- Volume 7 Issue 4
DOI QR Code
Islamic Perspective on Students Wearing a Burqa at Universities in Indonesia: Results from a Survey at Three Universities
- Hanafiah, Muhammad (Antasari State Islamic University) ;
- Hafidzi, Anwar (Antasari State Islamic University) ;
- Nadhiroh, Wardatun (Antasari State Islamic University) ;
- Assyauqi, Moh. Iqbal (Antasari State Islamic University) ;
- Abidin, Muhammad Zainal (Antasari State Islamic University) ;
- Kurdi, Musyarrafah Sulaiman (Antasari State Islamic University) ;
- Andini, Yokke (Antasari State Islamic University)
- Received : 2019.10.29
- Accepted : 2019.11.27
- Published : 2019.11.30
Burqa or in Arabic An-Niqab is used to cover the entire face of a woman, except the two eyes. The burqa is not obligatory according to Syafi'i madzhab, which is followed by the majority of Indonesian Muslims. In this study, researchers used a survey to develop an understanding of veiled female students' attitudes about themselves, their experience wearing a burqa, interactions with peers, and their perception of how other members of their academic community perceive them. The survey used Likert-type items. The sample in this study was 100 students from three general universities in South Kalimantan: Antasari State Islamic University, Rasyidiyah Khalidiyah Islamic College, and College of Quranic Sciences. The key findings include that 58.2% indicated a willingness to form associations with any women; 17.7% said they were happy associating only with the veiled community. A total of 13.9% said that sometimes they were told to take off their burqa when they were in the classroom. While most said they were never bullied on campus (67.1%), 19% said they were often bullied. Most (78.5%) said that they were given freedom even though there was a suggestion to open their faces when education and learning were taking place.
- Allabadi, F. (2008). Controversy: Secular and Islamist women in Palestinian society. European Journal of Women's Studies, 15(3), 181-201. https://doi.org/10.1177/1350506808091503
- Bahramitash, R., Sadegh, A., & Sattari, N. (2018). Islamist, Islamic and Muslim women. In Low-Income Islamist Women and Social Economy in Iran (pp. 35-48). Springer.
- Batum, D. (2016). Perceptions of work by pious Muslim students: A comparison between the Netherlands and Turkey. Journal of Gender Studies, 25(6), 641-654. https://doi.org/10.1080/09589236.2015.1087307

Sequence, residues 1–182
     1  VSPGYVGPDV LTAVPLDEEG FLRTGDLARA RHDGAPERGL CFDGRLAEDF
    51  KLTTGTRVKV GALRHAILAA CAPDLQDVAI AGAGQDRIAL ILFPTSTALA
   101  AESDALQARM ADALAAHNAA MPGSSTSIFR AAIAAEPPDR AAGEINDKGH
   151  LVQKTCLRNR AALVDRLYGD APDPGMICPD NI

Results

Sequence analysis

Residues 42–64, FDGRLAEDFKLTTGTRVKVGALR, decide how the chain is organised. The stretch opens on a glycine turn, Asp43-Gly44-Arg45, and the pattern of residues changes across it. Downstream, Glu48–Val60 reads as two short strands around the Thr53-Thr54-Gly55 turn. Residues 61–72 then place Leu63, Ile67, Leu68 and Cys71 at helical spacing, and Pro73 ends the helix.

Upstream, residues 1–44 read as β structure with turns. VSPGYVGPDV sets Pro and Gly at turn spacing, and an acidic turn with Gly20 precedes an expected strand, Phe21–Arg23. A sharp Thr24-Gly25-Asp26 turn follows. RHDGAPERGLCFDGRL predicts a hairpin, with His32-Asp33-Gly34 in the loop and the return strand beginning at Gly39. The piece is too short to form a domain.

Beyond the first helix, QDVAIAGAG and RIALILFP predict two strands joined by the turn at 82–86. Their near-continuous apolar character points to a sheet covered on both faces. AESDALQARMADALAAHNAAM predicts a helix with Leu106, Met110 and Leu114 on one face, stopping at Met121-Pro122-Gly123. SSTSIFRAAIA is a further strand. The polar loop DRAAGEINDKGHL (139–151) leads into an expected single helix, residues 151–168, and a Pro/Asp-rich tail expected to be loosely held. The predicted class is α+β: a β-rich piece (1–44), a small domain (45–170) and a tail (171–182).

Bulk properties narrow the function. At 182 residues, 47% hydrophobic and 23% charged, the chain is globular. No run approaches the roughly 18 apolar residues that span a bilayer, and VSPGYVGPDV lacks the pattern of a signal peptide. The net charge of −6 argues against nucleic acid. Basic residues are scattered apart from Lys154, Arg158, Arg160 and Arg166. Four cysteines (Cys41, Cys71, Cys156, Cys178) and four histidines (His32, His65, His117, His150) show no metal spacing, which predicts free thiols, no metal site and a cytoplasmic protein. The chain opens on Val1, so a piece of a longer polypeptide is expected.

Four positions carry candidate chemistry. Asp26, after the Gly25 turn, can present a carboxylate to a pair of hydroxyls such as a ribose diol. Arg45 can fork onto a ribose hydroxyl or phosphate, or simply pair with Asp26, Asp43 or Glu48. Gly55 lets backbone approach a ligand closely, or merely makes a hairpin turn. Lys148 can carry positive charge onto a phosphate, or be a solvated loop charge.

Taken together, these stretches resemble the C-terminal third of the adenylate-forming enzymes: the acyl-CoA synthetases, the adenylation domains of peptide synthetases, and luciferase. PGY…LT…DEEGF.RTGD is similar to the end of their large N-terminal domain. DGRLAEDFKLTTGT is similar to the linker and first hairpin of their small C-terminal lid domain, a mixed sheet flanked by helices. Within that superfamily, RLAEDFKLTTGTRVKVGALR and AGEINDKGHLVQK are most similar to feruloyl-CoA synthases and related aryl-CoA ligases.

- Braun, K. (2017). How much veil is too much veil: On the constitutionality and advisability of face veil bans for German public school students. German Law Journal, 18(6), 1331-1358. https://doi.org/10.1017/S2071832200022367
- Brown, K. E., & Saeed, T. (2015). Radicalization and counter-radicalization at British universities: Muslim encounters and alternatives. Ethnic and Racial Studies, 38(11), 1952-1968. https://doi.org/10.1080/01419870.2014.911343
- Coulson, N. (2017). A history of Islamic law. New York, NY: Routledge.
- Dabbous-Sensenig, D. (2006). To veil or not to veil: Gender and religion on Al-Jazeera's Islamic law and life. Westminster Papers in Communication and Culture, 3(2), 60-65. http://doi.org/10.16997/wpcc.31 https://doi.org/10.16997/wpcc.31
- Fournier, P. (2013). Headscarf and burqa controversies at the crossroad of politics, society and law. Social Identities, 19(6), 689-703. http://dx.doi.org/10.1080/13504630.2013.842669 https://doi.org/10.1080/13504630.2013.842669
- Hussain, N. (2019). Hijab and social anxiety: Perceptions of university students from Pakistan. Pertanika Journal of Social Sciences & Humanities, 27(2).
- Jahangir, S., & Manzoor, A. (2017). Socio-economic impact and status of the Islamic perspective of veil. Pakistan Journal of Gender Studies, 14, 161-179.
- Koo, G. Y., & Han, H. E. (2018). To veil or not to veil: Turkish and Iranian hijab policies and the struggle for recognition. Asian Journal of Women's Studies, 24(1), 47-70. https://doi.org/10.1080/12259276.2018.1427663
- Latuszynska, M., Wawrzyniak, A., Wasikowska, B., & Furaji, F. (2013). Study on the influence of advertising attractiveness on the purchase decisions of women and men. Journal of International Studies, 6(2), 20-32. doi: 10.14254/2071-8330.2013/6-2/2 https://doi.org/10.14254/2071-8330.2013/6-2/2
- Leibold, J., & Grose, T. (2016). Islamic veiling in Xinjiang: The political and societal struggle to define Uyghur female adornment. The China Journal, 76(1), 78-102. https://doi.org/10.1086/683283
- Leyerzapf, H., Rifi, H., Abma, T. A., & Verdonk, P. (2016). Veiled ambitions: Female Muslim medical students and their different experiences in medical education. Unsettling the Self-Other Binary: Cultural Diversity in Dutch Academic Health Care, 63.
- Mechoulan, S. (2018). The case against the face-veil: A European perspective. International Journal of Constitutional Law, 16(4), 1267-1292. https://doi.org/10.1093/icon/moy099
- Mozaffari, M. (2007). What is Islamism? History and definition of a concept. Totalitarian Movements and Political Religions, 8(1), 17-33. https://doi.org/10.1080/14690760601121622
- Parashar, S. (2010). The Sacred and the sacrilegious: Exploring women's 'politics' and 'agency' in radical religious movements in South Asia. Totalitarian Movements and Political Religions, 11(3-4), 435-455. https://doi.org/10.1080/14690764.2010.546117
- Strabac, Z., Aalberg, T., Jenssen, A. T., & Valenta, M. (2016). Wearing the veil: Hijab, Islam and job qualifications as determinants of social attitudes towards immigrant women in Norway. Ethnic and Racial Studies, 39(15), 2665-2682. https://doi.org/10.1080/01419870.2016.1164878
- Zimmerman, D. D. (2015). Young Arab Muslim women's agency challenging Western feminism. Affilia, 30(2), 145-157. https://doi.org/10.1177/0886109914546126